C Bellan

Ospedali Riuniti di Bergamo, Bérgamo, Lombardy, Italy

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Publications (13)13.03 Total impact

  • Pediatric Research 11/2010; 68:662-663. DOI:10.1203/00006450-201011001-01338 · 2.84 Impact Factor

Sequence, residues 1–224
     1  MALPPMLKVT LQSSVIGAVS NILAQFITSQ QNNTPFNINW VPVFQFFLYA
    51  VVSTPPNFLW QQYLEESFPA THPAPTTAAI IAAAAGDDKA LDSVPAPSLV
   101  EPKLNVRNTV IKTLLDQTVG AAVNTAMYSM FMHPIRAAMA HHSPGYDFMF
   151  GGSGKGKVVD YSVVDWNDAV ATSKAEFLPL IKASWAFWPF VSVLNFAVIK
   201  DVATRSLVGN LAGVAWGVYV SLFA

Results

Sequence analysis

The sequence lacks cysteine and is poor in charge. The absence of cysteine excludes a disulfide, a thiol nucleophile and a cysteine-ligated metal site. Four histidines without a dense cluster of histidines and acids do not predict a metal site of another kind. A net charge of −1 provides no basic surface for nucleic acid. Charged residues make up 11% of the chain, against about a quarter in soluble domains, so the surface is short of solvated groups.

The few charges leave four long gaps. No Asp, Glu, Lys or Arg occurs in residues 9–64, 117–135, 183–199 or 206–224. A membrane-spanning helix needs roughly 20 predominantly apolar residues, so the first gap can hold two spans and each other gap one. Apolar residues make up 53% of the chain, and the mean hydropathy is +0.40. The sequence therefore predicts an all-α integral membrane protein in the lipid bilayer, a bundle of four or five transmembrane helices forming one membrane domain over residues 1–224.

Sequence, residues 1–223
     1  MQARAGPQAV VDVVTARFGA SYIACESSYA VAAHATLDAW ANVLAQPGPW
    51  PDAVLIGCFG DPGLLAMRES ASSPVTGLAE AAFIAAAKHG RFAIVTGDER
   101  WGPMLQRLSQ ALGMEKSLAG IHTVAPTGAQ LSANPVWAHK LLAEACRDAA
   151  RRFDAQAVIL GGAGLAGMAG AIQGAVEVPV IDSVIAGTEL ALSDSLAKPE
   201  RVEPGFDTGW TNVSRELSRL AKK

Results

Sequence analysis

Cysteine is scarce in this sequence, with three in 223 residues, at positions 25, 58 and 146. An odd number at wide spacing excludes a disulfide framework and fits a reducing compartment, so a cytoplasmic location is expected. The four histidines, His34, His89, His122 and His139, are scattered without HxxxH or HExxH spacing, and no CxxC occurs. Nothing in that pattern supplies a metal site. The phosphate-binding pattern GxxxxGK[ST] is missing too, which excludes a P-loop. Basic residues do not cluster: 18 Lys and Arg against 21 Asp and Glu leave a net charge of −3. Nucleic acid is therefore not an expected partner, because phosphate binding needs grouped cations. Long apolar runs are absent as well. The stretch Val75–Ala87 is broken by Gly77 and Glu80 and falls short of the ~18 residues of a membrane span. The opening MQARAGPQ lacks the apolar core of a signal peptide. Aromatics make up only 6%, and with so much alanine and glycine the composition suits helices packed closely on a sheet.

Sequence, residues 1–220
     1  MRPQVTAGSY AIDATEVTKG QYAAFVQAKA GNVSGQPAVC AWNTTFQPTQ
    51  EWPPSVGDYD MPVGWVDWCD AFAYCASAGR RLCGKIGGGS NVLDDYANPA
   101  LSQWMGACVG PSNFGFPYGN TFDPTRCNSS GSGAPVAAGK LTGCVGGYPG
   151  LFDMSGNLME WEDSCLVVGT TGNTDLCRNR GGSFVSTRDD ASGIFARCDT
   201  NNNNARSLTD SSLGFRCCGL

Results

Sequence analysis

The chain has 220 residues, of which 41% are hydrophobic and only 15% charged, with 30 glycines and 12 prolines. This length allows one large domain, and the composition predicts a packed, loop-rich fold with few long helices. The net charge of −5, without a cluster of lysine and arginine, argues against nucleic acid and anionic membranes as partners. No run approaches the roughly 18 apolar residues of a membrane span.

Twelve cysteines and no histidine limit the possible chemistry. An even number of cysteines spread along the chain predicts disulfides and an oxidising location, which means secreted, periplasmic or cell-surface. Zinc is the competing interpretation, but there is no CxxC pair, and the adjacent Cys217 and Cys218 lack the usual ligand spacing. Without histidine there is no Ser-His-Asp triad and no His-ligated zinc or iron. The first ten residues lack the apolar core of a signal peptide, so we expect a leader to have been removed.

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    ABSTRACT: The prognosis of babies with congenital diaphragmatic hernia (CDH) remains unsatisfactory despite recent advances in medical and surgical treatment. Most authors agree that the best way to improve outcomes for this disease is to focus on pulmonary hypoplasia and persistent pulmonary hypertension (PPH), the 2 most unfavorable prognostic factors for patient survival. However, controversy remains regarding the best treatment of CDH. In the past decade, several institutions have developed treatment protocols that include high-frequency oscillatory ventilation (HFOV), preoperative stabilization, and no thoracic drain. This strategy is 1 of several "gentle ventilation" strategies. We describe our 10-year experience in treating a cohort of 111 infants with CDH managed with this "gentle ventilation" strategy. From October 1994 to June 2005, 111 babies with CDH were treated at our institution with HFOV. Babies progressed to inhaled nitric oxide and extracorporeal membrane oxygenation if severe PPH persisted. After a period of preoperative stabilization, surgery was performed via an abdominal approach. In case of large defects or diaphragmatic agenesis, a prosthetic patch was used. No thoracic drain was left in place at the end of surgery. The charts of all babies were reviewed. General characteristics, respiratory management, as well as perioperative and postoperative data were analyzed and correlated with survival. Predicted and actual survival rates in high-, intermediate-, and low-risk groups were analyzed on the basis of the equation described by the Congenital Diaphragmatic Hernia Study Group in 2001. The overall survival rate in our group of patients with CDH was 69.4% regardless of side of the defect. Incidence of a prenatal diagnosis before the 25th gestational week, coexistence of severe congenital heart disease (overall incidence, 5.4%), or other major associated anomalies, as well as the presence of a diaphragmatic agenesis were significantly higher in nonsurvivors. Thirty-six had severe PPH, of which 26 (76.5% of nonsurviving patients) died. Survivors and nonsurvivors had significant differences in blood gas analysis and respiratory management data recorded before and after the diaphragmatic correction. Ninety-nine (89%) patients underwent correction of the diaphragmatic defect. A patch was used in 44 (44%) patients and 15 of them died (survivors, 37.7%; nonsurvivors, 68.2%; P = .0111). Six (43%) of 14 patients with a preoperative pneumothorax (survivors, 10.3%; nonsurvivors, 27.3%; P > .05) and 7 (58%) of 12 patients with a postoperative pneumothorax needing a thoracic drain (survivors, 6.5%; nonsurvivors, 31.8%; P = .0013) died. In all cases, pneumothorax was ipsilateral. Two patients required oxygen therapy at discharge. The predicted survival rate was 69%; there was no difference between predicted and actual overall survival as well as between predicted and actual survival in low-risk (predicted survival rate, >66%), intermediate-risk (predicted survival rate, 34%-66%), and high-risk (predicted survival rate, <33%) groups. The CDH treatment strategy that includes HFOV, preoperative stabilization and no thoracic drain ensures survival with minimal pulmonary morbidity (low rate of pulmonary infections and low rate of patients requiring oxygen at home) in most affected babies. Persistent pulmonary hypertension has been the most challenging factor that ultimately determined the final outcome, and availability of new vasoactive drugs is mandatory to ameliorate the prognosis especially in high-risk patients. Meanwhile, survival comparisons of low-, intermediate-, and high-risk groups between institutions using different protocols will allow the identification of the best strategy for CDH management.